O.G. and Ida Jane Lupfer family. Eula is first of sisters at left; Florence is third.

Jim promises to pass along more information and photos eventually. I owe my continued connection with Jim to his German war bride, Ilse. Richard and I took Sam and Katie, along with my parents, on a “pilgrimage” through Kansas in 2000, stopping by and seeing Mom’s relatives along the way, including Jim and Ilse in Wichita. At that time, and I believe for years before and after, they adopted retired greyhounds. I learned by meeting theirs that, despite greyhounds’ reputation as speedy animals, they are real couch potatoes at home — at least in retirement. Ilse and I have kept up an email correspondence since then, more in the past couple of years. Ilse wrote a wonderful memoir of her life in Germany before and during World War II, which she illustrated with water-color paintings. She writes beautifully, far better in English than many Americans I could name, and is a great correspondent. She has delved deeply into genealogy as well — that of greyhounds! She still spends many hours on the computer researching bloodlines, I believe to make sure that the lineage of very expensive dogs is legitimate. (Ilse, you can correct me if I have the details wrong!)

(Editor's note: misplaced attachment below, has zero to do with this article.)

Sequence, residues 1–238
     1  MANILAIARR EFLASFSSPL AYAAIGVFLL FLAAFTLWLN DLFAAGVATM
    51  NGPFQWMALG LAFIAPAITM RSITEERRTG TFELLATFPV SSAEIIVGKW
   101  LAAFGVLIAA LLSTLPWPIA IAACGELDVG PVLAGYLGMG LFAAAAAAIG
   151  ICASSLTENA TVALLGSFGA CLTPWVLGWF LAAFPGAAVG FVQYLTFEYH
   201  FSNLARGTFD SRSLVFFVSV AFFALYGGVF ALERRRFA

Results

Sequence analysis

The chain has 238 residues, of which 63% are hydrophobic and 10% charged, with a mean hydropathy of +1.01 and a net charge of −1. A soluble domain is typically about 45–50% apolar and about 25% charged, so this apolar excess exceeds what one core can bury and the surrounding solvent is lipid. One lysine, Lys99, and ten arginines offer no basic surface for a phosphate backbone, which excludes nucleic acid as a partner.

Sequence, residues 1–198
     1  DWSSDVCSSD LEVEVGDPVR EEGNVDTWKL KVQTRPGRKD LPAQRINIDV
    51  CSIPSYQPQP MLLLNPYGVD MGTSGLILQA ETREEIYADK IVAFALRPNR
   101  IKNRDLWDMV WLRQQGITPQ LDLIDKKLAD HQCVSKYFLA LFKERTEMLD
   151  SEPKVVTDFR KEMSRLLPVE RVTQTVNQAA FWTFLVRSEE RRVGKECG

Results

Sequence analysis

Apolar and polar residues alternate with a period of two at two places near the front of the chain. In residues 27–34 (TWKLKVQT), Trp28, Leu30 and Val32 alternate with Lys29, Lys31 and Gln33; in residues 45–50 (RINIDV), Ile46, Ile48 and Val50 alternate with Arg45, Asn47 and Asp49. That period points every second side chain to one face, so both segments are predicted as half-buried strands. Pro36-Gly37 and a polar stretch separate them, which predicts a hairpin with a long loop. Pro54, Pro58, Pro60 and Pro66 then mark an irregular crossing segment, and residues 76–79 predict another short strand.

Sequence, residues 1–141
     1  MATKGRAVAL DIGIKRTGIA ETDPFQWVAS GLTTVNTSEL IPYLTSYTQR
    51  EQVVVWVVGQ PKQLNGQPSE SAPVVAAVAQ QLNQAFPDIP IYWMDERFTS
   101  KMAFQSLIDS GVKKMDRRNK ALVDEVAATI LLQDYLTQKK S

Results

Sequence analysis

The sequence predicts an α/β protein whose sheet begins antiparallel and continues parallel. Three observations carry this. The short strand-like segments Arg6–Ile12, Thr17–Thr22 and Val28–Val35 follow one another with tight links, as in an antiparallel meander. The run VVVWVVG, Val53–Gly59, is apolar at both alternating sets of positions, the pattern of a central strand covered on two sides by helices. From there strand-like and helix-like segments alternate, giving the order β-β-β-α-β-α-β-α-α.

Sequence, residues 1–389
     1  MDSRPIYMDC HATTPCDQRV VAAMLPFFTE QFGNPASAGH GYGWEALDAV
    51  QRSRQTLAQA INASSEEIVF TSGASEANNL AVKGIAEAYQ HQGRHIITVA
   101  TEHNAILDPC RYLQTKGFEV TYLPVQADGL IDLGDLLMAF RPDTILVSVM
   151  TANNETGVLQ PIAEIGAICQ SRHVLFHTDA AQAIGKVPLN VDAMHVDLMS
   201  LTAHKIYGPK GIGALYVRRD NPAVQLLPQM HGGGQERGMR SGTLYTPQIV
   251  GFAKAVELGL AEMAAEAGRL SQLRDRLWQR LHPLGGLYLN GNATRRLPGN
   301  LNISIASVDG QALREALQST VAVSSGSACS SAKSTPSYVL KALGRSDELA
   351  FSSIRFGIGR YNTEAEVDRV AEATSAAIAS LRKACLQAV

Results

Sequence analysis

In addition to all the family knowledge Jim has researched, he holds a great many memories of my grandparents, great-aunts and great-uncles, etc. in his head. He doesn’t really want to sit and write it all down, but I think I may have convinced him today to have a series of recorded phone calls with me, centering on various people, so I can get those memories on paper. The stories are the driving force behind my energy for this. The past few months, I have (as regular readers know) spent time with my mother’s memories and plan to post about my father soon. Their stories live on in me, seemingly in my blood and bones. Ancestral (or genetic) memory is “for real,” as kids say.

Enough for now. Part 2 of this post will center around the memories evoked when I went through all the photos and papers I have from my public school teaching years, 1976-85. As a preview, here’s a photo of Felix, who was in my class at John F. Kennedy Elementary, Roosevelt School District in 1982-83. Make what you can of his list of favorite foods!

Felix, 3rd grade